For as much as the Milwaukee Bucks' prowess is linked to the incomparable talents of MVP frontrunner Giannis Antetokounmpo, the foundation of their juggernaut status is built on depth.
The Bucks (54-12) were not at full strength in their 119-112 win over the Boston Celtics on Friday, but if they aim to validate their standing as the title favorites, all hands will be required.
Guards Eric Bledsoe and Pat Connaughton continue to ramp up their conditioning following their late addition to the bubble near Orlando after testing positive for COVID-19.
They might not be available when the Bucks play the Houston Rockets on Sunday at the ESPN Wide World of Sports Complex, but they are making progress and their returns appear imminent.
"I think it's a little bit of conditioning, a little bit of just rhythm and everything," Bucks coach Mike Budenholzer said. "I think getting Bled and Pat a couple of five-on-five sessions at a minimum and getting some three-on-three or other situations, they just need to play. So I think that's a big hurdle."
Their status as favorites leaves the Bucks in the position of tweaking prior to the playoffs. Their level of play against Boston reflected that of a team that hasn't missed a beat, even following a protracted suspension of the season.
For Milwaukee, the seeding games feed a clear objective.
"Be the best team in the NBA," Bucks guard Wesley Matthews said. "We know that every day is going to pose a new challenge, and every team that we're going to face is going to be something that we can use to get better and ultimately, hopefully, get to our long-term goal, which is being the last team standing."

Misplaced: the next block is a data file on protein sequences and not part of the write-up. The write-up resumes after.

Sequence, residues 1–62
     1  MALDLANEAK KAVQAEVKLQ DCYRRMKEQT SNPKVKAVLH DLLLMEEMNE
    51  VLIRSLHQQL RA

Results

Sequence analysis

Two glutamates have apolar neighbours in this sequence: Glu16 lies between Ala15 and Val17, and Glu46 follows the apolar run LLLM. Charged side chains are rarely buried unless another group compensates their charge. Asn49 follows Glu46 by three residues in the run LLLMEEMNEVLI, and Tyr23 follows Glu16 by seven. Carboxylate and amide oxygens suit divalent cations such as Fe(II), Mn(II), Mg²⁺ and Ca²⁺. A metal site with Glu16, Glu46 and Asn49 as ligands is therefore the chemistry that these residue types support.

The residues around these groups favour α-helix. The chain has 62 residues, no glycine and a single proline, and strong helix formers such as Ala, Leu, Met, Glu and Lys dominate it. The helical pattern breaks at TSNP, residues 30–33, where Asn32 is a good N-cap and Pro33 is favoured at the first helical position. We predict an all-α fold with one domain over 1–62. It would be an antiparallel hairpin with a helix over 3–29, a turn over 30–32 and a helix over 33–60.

The Rockets (41-24) opened the restart with a 153-149 overtime victory against the Dallas Mavericks that featured an exceptional performance from guard James Harden (49 points, nine rebounds, eight assists) and a nightmarish defensive effort, save for the closing stretch of the fourth quarter and the extra period.
Dallas led 131-120 with just over seven minutes remaining and scored just 18 points over the final 12 minutes after posting 42- and 43-point quarters in the first half. Prior to the Mavericks' collapse, Houston resembled a team unfamiliar with the concept of defensive communication.
"There was (a lack of communication on defense), and that's the problem," Rockets coach Mike D'Antoni said. "We switch every time except when they get nervous or whatever and then they started not switching and then guys didn't know if you're switching or not switching and then we didn't figure it out for a while.
"We did right it, and going forward these are games that are going to be used to get all this straightened up before we get to the playoffs."
For all their offensive might, the Rockets realize that their ability to thrive is tethered to limiting defensive miscues. Fielding a small lineup presents some advantages, but it also forces the Rockets to execute with precision on defense while rebounding with a collective abandon.
For much of Friday night, Houston did neither.
"In order for us to really be the advocate for the style of play that we want to do, we have to fix the little things because one small thing could be a big problem down the road," Rockets forward Robert Covington said.
--Field Level Media
Bucks seek depth, Rockets better defense in clash